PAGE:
To implement more complicated federated optimization algorithms, you may need customize your federated training loop in order to gain more control over the orchestration and optimization logic of the experiment. Again, simple_fedavg may be a good place to start. For example, you could change the client update function to implement a custom local training procedure, modify the tff.federated_computation that controls the orchestration to change what is broadcast from the server to client and what is aggregated back, and alter the server update to change how the server model is learned from the client updates.

Model and update compression

TFF uses the tensor_encoding API to enable lossy compression algorithms to reduce communicatation costs between the server and clients. For an example of training with server-to-client and client-to-server compression using Federated Averaging algorithm, see this experiment.

To implement a custom compression algorithm and apply it to the training loop, you can:

  1. Implement a new compression algorithm as a subclass of EncodingStageInterface or its more general variant, AdaptiveEncodingStageInterface following this example.
  2. Construct your new Encoder and specialize it for model broadcast or model update averaging.
  3. Use those objects to build the entire training computation.

Differential privacy

TFF is interoperable with the TensorFlow Privacy library to enable research in new algorithms for federated training of models with differential privacy. For an example of training with DP using the basic DP-FedAvg algorithm and extensions, see this experiment driver.

If you want to implement a custom DP algorithm and apply it to the aggregate updates of federated averaging, you can:

  1. Implement a new DP mean algorithm as a subclass of tensorflow_privacy.DPQuery,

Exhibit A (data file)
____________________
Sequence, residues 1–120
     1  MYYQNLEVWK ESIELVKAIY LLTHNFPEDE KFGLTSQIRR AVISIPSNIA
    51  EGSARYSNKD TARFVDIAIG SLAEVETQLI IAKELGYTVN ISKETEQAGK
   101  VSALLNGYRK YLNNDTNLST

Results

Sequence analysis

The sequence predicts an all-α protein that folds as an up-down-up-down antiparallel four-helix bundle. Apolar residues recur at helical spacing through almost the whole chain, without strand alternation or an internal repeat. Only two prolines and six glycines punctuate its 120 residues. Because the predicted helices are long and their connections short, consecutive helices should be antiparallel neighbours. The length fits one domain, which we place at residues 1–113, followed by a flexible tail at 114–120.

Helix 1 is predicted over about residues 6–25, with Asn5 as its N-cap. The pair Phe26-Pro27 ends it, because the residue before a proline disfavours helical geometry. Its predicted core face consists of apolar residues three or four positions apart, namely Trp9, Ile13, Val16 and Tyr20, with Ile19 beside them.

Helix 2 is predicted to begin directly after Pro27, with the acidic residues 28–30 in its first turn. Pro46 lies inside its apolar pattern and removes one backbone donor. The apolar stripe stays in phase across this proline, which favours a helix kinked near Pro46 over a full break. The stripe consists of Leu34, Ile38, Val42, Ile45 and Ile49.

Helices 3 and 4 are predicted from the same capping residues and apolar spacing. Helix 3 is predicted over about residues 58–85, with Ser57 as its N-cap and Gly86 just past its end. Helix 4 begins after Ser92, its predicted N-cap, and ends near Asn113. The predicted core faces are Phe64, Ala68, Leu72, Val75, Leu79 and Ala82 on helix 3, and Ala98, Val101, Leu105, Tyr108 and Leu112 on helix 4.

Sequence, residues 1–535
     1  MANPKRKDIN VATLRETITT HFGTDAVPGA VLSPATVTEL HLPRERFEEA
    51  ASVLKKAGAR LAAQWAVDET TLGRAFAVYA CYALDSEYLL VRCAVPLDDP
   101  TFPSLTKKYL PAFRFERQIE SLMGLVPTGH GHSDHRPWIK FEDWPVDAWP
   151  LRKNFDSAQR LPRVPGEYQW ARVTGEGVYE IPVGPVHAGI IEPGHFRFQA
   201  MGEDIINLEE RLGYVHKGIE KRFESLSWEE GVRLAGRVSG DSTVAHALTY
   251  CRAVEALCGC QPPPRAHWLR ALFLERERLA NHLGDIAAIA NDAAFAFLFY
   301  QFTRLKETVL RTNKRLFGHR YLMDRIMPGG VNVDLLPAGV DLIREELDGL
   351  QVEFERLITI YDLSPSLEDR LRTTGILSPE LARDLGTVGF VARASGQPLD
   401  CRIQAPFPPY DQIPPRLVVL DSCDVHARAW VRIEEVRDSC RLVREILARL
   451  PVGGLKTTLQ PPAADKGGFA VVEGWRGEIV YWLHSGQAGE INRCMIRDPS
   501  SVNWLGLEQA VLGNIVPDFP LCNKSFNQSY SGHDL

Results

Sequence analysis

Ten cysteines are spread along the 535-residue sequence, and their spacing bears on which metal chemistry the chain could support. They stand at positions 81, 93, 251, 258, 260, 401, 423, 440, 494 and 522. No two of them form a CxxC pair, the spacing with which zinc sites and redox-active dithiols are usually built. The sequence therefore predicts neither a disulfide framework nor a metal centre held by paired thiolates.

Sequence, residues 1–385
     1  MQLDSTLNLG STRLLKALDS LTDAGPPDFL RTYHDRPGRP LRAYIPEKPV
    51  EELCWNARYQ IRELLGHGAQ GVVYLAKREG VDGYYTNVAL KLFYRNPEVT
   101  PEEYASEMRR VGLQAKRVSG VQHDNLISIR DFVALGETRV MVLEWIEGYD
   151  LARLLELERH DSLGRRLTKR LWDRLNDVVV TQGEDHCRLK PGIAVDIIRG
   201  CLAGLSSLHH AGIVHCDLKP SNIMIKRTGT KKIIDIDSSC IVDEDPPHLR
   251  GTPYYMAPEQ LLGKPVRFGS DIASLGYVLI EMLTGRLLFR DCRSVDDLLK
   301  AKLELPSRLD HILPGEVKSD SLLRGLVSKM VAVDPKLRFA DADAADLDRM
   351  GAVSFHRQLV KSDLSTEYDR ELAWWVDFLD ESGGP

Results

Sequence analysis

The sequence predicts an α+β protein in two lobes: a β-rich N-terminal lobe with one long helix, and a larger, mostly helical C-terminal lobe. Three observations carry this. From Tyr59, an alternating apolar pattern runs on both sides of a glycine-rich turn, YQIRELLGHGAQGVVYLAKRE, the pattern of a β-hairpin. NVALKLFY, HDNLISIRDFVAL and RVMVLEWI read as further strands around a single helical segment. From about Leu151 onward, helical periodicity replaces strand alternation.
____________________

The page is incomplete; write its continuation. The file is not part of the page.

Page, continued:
2. construct your new DPQuery similarly to the way standard DPQueries are constructed here,
  3. and pass your query instance into tff.utils.build_dp_aggregate() similarly to run_dp_experiment.

Federated GANs (described below) are another example of a TFF project implementing user-level differential privacy (e.g., here in code).

Robustness and attacks

TFF can also be used to simulate the targeted attacks on federated learning systems and differential privacy based defenses considered in Can You Really Back door Federated Learning?. This is done by building an iterative process with potentially malicious clients (see build_federated_averaging_process_attacked). The targeted_attack directory contains more details.

  • New attacking algorithms can be implemented by writing a client update function which is a Tensorflow function, see ClientProjectBoost for an example.
  • New defenses can be implemented by customizing 'tff.utils.StatefulAggregateFn' which aggregates client outputs to get a global update.

For an example script for simulation, see emnist_with_targeted_attack.py.

Generative Adversarial Networks

GANs make for an interesting federated orchestration pattern that looks a little different than standard Federated Averaging. They involve two distinct networks (the generator and the discriminator) each trained with their own optimization step.

TFF can be used for research on federated training of GANs. For example, the DP-FedAvg-GAN algorithm presented in recent work is implemented in TFF. This work demonstrates the effectiveness of combining federated learning, generative models, and differential privacy.